On being advised of the complaint the business agreed to participate in conciliation.

    Of interest, two points about how the HRC proceeds.

    First, on receiving a complaint the HRC may seek further information and contact the repondent, seek their comment and any further information. At this point the HRC may decide not to proceed further, and will tell the complainant why.

    Second, all they can do from that point is conciliate and seek resolution. Importantly, the Commission does not have the power to decide if unlawful discrimination has happened.

    If a change to the legislation hits the Senate, Xenophon say they will send it to a Senate committee. I’m sure the senate committee will be very thorough, and if they suggest changes, the Government, which is a different beast to the Senate, should listen. Often senate committees do good work, but the Government takes no notice.

  42. On second thoughts, I don’t have as much confidence that the current senate will perform as well as they have in the past.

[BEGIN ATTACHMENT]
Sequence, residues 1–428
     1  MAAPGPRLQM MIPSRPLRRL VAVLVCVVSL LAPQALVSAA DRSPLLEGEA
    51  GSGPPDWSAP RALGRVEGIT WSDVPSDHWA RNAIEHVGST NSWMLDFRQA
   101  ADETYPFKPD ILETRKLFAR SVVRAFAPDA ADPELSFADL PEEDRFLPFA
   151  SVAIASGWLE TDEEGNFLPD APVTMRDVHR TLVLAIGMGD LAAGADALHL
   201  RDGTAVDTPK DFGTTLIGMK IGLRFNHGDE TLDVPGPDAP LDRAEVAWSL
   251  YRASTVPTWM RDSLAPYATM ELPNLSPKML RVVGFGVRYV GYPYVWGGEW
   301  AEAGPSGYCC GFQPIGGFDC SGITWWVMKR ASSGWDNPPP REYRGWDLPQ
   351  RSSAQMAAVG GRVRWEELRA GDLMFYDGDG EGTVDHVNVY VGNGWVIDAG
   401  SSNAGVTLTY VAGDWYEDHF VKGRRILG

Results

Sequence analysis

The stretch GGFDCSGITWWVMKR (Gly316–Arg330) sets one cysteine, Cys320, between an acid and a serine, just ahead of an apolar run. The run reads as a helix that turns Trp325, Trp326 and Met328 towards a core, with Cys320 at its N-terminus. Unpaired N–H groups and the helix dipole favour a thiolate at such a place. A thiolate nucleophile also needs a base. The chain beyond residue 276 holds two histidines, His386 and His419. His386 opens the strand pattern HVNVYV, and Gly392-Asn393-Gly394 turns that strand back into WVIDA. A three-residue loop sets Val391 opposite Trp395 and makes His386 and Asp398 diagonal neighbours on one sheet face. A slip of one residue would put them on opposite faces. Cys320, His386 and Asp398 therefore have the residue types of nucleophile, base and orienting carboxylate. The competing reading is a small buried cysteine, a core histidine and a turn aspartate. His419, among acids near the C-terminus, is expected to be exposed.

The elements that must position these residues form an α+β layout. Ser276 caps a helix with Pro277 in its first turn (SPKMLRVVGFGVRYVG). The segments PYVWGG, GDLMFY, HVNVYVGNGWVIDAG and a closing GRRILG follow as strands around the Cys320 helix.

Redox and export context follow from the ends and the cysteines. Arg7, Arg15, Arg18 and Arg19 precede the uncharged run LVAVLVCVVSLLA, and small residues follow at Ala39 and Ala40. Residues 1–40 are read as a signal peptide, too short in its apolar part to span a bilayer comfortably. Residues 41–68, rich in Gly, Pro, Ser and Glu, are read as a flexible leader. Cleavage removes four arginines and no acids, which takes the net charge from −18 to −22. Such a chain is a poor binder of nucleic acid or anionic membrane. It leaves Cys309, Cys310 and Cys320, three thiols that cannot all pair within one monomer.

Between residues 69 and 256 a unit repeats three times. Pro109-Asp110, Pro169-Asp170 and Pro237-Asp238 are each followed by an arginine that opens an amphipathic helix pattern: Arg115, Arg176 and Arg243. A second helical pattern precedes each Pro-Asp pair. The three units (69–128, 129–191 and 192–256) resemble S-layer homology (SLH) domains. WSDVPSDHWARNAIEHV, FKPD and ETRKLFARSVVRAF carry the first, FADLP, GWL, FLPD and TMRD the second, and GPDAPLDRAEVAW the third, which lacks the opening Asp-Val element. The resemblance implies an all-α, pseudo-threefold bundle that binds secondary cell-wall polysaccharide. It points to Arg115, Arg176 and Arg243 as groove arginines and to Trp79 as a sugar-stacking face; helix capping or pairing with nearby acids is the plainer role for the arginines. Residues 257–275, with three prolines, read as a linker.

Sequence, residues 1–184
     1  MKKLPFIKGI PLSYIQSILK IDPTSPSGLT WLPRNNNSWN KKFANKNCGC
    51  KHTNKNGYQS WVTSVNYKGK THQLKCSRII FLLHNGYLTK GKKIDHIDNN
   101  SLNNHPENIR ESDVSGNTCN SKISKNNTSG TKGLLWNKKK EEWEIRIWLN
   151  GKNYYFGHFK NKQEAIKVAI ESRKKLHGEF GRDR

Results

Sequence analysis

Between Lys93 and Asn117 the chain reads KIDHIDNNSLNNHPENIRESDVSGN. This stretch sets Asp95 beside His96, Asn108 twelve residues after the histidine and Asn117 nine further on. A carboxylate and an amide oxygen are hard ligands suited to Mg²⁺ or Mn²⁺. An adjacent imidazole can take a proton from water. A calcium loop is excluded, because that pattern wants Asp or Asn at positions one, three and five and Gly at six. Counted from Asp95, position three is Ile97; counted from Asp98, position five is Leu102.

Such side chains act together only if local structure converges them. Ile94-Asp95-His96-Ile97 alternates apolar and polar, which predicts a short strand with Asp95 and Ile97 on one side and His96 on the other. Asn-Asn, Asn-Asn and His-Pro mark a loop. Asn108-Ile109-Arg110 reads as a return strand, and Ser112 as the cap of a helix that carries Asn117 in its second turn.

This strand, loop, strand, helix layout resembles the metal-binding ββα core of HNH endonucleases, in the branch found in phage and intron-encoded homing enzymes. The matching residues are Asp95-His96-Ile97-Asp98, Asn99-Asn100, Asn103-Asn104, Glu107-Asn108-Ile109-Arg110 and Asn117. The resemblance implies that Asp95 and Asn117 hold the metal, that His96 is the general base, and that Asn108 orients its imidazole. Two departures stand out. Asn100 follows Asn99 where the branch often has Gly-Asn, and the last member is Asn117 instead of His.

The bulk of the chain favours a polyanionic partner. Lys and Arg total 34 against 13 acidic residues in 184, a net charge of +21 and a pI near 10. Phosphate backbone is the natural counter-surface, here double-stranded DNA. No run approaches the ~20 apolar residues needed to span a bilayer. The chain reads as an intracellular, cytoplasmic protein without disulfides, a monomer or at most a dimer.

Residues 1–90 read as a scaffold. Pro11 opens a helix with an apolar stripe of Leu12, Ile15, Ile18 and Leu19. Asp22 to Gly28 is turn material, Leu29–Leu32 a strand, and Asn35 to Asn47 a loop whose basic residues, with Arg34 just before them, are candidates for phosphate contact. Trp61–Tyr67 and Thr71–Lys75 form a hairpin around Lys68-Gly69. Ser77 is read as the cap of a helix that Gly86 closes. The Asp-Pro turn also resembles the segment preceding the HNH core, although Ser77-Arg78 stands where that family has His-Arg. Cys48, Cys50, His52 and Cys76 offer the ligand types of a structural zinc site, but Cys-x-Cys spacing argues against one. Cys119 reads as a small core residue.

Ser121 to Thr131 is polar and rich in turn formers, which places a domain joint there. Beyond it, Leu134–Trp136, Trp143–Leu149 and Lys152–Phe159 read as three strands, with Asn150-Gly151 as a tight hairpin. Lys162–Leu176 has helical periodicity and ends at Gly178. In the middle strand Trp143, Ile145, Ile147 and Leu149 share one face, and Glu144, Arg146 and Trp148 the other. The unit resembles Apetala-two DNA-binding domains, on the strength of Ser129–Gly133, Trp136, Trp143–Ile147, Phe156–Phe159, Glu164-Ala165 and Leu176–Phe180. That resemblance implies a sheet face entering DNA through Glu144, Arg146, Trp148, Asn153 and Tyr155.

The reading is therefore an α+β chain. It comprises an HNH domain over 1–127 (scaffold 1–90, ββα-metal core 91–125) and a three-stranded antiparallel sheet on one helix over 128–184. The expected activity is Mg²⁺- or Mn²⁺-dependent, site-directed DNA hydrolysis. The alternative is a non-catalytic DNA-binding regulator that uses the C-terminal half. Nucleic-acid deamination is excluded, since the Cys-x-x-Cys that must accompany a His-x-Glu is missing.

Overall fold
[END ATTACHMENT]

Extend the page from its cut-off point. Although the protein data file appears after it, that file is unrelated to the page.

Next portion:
43. “Just shoot them……..” has nothing to do with capital punishment . In Australia last century this was always preceded by a lengthy trial in the Supreme Court, often followed by court appeals.

    You will be too young to remember the last man hanged in Victoria, Ronald Ryan, summer of 1967. Lengthy trial, appeals, huge public outcry mostly against hanging, press campaigning, obdurate Premier Bolte, police threatening a strike if sentence commuted, crims hatching a far-fetched plot to spring him from Pentridge, Ryan dignified at the end after an overnight vigil by hundreds outside the prison, ghoulish public fascination…..